Like JFK and LaGuardia, many other US airports are also adopting this development model involving private investors. At Denver, have been invested $1.8 billion to renew the Denver International Airport. An obligatory choice for the renewal and modernisation of American airports.
Alle spalle del piano di rinnovamento approvato dalle Authority c’è il più ampio e ambizioso progetto di modernizzazione del John F. Kennedy, il primo aeroporto di New York City.
Il piano prevede una serie di interventi che vanno dalla demolizione di tre edifici alla costruzione di un nuovo parcheggio per gli aeromobili.
Nell’insieme un progetto di ricostruzione da 13 miliardi di dollari, annunciato dal governatore Mario Cuomo nell’ottobre del 2018, che sarà finanziato al 90% da fondi privati. La compagnia JetBlue e quattro linee straniere finanzieranno la costruzione di due nuovi terminal, mentre American Airlines realizzerà l’ampliamento del suo terminal.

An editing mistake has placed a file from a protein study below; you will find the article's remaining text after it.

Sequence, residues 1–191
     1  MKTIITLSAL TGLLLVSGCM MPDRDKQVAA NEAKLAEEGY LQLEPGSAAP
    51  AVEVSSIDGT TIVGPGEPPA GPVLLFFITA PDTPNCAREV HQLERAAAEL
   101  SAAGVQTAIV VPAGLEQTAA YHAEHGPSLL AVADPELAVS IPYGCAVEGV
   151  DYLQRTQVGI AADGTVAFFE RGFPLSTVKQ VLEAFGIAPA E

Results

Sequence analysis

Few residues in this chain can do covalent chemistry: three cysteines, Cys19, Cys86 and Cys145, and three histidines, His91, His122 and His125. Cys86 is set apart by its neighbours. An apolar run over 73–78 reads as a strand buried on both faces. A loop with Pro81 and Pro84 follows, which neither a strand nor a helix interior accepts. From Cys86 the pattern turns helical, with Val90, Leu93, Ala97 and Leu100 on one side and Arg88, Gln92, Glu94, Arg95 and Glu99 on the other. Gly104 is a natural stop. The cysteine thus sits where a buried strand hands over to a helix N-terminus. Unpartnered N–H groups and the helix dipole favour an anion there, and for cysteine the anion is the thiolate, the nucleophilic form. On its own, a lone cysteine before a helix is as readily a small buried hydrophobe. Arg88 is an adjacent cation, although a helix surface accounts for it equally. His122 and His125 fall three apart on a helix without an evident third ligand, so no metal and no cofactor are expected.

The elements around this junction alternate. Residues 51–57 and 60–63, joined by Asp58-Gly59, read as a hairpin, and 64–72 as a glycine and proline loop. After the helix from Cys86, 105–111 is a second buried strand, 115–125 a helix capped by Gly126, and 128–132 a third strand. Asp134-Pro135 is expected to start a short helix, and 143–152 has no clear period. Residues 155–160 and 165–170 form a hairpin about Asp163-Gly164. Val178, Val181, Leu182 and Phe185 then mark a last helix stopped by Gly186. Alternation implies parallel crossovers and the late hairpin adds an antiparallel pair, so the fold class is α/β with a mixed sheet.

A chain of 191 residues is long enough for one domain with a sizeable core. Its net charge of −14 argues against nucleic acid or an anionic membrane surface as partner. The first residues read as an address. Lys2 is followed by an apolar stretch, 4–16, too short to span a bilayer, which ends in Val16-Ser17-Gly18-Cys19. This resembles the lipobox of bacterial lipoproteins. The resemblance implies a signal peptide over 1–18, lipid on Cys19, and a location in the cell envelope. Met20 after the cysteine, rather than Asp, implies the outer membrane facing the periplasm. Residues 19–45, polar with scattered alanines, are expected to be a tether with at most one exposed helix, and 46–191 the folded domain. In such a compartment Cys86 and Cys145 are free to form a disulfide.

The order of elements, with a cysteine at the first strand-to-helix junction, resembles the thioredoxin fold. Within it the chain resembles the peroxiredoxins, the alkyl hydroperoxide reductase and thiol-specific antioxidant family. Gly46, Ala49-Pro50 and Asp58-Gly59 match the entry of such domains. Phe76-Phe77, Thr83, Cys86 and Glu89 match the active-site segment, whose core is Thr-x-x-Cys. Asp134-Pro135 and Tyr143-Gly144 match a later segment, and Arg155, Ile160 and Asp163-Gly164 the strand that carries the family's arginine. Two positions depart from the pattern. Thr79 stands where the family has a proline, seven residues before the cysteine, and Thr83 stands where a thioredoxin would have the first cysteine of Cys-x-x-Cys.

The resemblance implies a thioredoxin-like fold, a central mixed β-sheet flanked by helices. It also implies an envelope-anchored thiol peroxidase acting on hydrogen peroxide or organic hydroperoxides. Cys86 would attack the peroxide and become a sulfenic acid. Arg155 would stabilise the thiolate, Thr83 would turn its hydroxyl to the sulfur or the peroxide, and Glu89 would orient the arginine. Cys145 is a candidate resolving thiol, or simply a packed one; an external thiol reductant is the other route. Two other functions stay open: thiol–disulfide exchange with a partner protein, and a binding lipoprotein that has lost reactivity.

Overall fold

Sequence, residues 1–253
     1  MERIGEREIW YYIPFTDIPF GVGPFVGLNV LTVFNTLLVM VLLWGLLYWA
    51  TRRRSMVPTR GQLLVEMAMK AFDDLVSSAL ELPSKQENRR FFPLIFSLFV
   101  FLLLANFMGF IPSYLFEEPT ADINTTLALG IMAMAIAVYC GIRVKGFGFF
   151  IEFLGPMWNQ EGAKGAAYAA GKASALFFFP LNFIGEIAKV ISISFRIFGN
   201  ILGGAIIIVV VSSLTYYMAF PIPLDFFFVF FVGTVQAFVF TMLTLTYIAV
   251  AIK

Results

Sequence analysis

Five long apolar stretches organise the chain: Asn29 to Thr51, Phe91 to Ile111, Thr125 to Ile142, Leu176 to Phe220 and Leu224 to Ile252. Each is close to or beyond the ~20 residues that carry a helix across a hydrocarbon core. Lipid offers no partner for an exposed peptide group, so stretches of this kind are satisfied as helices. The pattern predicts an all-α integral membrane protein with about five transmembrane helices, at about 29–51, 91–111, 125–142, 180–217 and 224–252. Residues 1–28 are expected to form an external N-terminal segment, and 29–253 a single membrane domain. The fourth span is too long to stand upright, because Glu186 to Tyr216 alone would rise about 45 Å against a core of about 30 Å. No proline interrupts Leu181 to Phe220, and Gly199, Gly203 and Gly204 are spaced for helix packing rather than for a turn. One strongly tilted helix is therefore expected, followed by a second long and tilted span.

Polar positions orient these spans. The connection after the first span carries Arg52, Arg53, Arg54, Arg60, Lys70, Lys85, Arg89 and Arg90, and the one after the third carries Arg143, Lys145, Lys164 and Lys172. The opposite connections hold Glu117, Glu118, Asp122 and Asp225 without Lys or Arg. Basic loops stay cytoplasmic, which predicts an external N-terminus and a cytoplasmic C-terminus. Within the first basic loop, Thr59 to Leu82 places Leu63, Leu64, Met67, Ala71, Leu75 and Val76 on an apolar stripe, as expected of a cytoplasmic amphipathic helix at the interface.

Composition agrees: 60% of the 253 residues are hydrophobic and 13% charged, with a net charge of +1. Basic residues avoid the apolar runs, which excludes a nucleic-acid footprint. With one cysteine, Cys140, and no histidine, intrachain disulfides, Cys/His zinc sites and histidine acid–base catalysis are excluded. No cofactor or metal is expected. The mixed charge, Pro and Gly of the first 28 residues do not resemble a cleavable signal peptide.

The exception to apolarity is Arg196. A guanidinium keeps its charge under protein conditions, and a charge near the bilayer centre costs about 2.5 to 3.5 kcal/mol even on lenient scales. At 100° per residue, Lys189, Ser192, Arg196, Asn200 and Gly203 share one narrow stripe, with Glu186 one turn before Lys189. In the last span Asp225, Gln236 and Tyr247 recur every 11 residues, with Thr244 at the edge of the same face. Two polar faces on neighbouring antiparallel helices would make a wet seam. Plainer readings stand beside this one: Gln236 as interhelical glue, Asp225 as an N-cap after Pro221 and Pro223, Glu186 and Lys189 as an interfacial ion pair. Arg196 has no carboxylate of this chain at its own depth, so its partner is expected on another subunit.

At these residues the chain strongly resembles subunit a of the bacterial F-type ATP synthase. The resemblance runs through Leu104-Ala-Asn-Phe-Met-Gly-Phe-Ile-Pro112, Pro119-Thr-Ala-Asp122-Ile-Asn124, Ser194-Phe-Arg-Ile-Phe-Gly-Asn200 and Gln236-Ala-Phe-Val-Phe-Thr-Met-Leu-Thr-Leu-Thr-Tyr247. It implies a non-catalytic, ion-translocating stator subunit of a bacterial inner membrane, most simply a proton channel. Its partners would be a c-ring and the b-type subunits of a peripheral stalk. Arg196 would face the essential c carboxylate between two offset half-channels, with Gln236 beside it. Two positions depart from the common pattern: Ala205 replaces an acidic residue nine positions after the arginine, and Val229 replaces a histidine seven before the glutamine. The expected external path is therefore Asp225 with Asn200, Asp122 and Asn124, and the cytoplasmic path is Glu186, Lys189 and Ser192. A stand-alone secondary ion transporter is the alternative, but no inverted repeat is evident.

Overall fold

JetBlue ha già individuato i suoi partner finanziari per sviluppare un progetto di terminal che occuperà 74mila piedi quadrati (circa 7mila metri quadrati) e la cui costruzione dovrebbe essere terminata nel 2025.
Oltre alla partecipazione dei privati anche la Port Authority darà il suo contributo, arrivando a uno stanziamento complessivo di 2,9 miliardi di dollari che saranno investiti principalmente nella costruzione di infrastrutture di trasporto per collegare in modo ancora più efficiente lo scalo con la città.